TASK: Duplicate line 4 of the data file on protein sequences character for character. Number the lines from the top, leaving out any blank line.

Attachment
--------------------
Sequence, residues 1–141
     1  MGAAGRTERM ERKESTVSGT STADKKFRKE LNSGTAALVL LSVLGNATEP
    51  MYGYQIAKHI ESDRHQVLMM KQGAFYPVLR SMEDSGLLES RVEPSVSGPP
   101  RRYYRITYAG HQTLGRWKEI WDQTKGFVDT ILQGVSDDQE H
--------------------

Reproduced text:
   101  RRYYRITYAG HQTLGRWKEI WDQTKGFVDT ILQGVSDDQE H